Researchers Propose New F-T Process for Synfuels; Less Work Required Could Result in 15% Reduction in CO2 Emissions Compared to Conventional Route
Report: Climate Change Aims Need To Be Better Integrated Into Land Use Planning, Economic and Transport Policies

California ARB Defers Regulations Requiring “Cool Paint”

The Air Resources Board has revised its draft regulatory language for vehicle solar control requirements to specify only solar control requirements for new vehicles windows (glazing). The original proposed regulation contained requirements for both vehicle paint (“cool paint”) and windows to improve their ability to reflect heat from the sun.

Image from a 2006 Toyota/AIST study comparing conventional and solar reflective paint (SRP). Source: Hashem Akbari, Berkeley Lab (2008). Click to enlarge.

The earlier version of the proposed regulations triggered a wash of rumors and speculation (incorrect) on the Internet that ARB was going to ban black cars.

The Cool Cars action was identified as an Early Action strategy for the implementation of the California Global Warming Solutions Act, also known as AB 32. Cool Cars, which is to be in place no later than 1 January 2010, is based on measures to reduce the solar heat gain in a vehicle parked in the sun. A cooler interior would make drivers less likely to activate the air conditioner, which in turn increases carbon dioxide emissions.

ARB noted earlier that potential approaches could include reformulation of paint to reflect near-infrared sunlight, parked car ventilation, and solar reflective window glazing. ARB said that cool paints, together with reflective glazing, could reduce the soak temperature of the typical vehicle parked in the sun by 5 to 10 ° C.

In a statement, ARB said that the intent of the paint requirements was to introduce reflective paint (currently used in architectural paints to keep houses and businesses cool) into the automotive arena. The requirement was never at any point to limit consumer color choices or ban any colors.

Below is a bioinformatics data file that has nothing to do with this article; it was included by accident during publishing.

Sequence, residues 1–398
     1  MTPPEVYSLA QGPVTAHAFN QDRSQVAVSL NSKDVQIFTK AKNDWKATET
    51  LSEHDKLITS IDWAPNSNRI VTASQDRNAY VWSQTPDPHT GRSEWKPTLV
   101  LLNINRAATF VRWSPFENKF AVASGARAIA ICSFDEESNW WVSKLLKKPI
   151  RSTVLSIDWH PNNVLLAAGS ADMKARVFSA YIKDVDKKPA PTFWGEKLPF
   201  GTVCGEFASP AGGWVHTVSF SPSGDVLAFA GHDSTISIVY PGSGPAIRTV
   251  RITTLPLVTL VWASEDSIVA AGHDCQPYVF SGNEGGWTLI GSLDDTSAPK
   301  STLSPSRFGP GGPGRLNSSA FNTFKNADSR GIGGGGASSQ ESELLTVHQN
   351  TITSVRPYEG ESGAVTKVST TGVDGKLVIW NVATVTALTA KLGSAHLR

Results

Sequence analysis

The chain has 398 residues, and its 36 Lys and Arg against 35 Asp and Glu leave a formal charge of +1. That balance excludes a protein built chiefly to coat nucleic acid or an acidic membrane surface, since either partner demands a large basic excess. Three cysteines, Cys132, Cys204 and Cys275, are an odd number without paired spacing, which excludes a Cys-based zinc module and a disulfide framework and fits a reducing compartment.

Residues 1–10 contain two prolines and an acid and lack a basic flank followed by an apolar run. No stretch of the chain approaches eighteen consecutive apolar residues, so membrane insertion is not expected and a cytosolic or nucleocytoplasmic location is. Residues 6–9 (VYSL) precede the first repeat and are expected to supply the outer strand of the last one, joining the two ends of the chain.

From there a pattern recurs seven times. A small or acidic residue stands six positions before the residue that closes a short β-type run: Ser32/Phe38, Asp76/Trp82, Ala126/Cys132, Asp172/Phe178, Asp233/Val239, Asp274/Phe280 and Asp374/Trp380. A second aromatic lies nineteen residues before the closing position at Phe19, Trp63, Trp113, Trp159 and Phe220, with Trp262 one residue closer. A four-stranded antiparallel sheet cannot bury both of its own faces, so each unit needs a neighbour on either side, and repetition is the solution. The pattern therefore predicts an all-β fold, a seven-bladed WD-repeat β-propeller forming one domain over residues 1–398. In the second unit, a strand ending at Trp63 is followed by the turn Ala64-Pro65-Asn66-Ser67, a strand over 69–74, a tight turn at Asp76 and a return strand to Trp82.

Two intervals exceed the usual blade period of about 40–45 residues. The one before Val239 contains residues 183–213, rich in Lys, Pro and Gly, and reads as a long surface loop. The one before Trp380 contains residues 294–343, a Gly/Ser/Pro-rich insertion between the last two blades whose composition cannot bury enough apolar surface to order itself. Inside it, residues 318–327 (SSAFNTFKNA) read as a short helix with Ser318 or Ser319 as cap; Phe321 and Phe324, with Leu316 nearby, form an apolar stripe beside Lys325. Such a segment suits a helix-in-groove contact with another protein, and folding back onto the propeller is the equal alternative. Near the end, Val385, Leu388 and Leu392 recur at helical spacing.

Based on input from the automotive industry, paint, pigment suppliers, and comments from a public workshop held on 12 March, ARB staff determined that a clear path to achieve solar reflectivity for the darker colors has not yet been identified. Staff plans to address the paint-related portion of the proposal in a future regulatory action.

Staff has also changed the glazing requirements from a reflective (Rds) to a Total Solar Transmission (Tts) specification. This metric more closely aligns with the proposal’s goal of limiting solar transmission into the vehicle.



Another way to accomplish this for those who choose a cooler ambient interior temp is to purchase cars painted in reflective colors, white, silver, gold or flaked.

And the positioning of purpose is subject to ridicule if they stick with the outdated CO2 story: "A cooler interior would make drivers less likely to activate the air conditioner, which in turn increases carbon dioxide emissions."

The successful positioning would be: "Cooler car interiors mean savings in energy consumed, lowering cost of ownership and helping achieve the goal of global energy independence."


This rule would probably get every conservative that wants to drive a black car ranting in a hurry. Most people know that you should probably not drive a black car in Southern California. Those that do are obviously not getting the idea and probably never will.

So all you would hear is that big government is stopping free people from being idiots. Same old argument, even though importing tons of oil hurts us all. Some people do not want anyone telling them what to do. The right to harm others is a freedom to them.


you right!
I'll give up my hearst when the Govmint pries my cold dead fingers from the steering wheel.


Um dont conservatives generaly drive white cars? Ducks and hides....


You guys are something :)

Well, generalities aside, some folks take on quite a libertarian view, no matter what beliefs they have. I remember suggesting that pickup trucks be sold to those that use them for real work and huge outbursts from the people on this site came forth. You would have thought that I was taking away a fundamental right to drive a 10 mpg pickup do no real work with it and be wasteful...I guess I was.


Putting IR reflective pigment in paint would not only keep the car cooler, it would make the paint last longer (less heat to tear it a part). When I went to get my car repainted, I was told the paint product warranty would be void if an additional pigment was added to the paint. I emailed the tech dept at the paint company and they view such a pigment as something they'll develop later. There needs to be an incentive to develop it now. I only saw one commercial offering for IR reflective automotive paint pigment at Plasticolors. Incentives would promote more competition in this product field.

The comments to this entry are closed.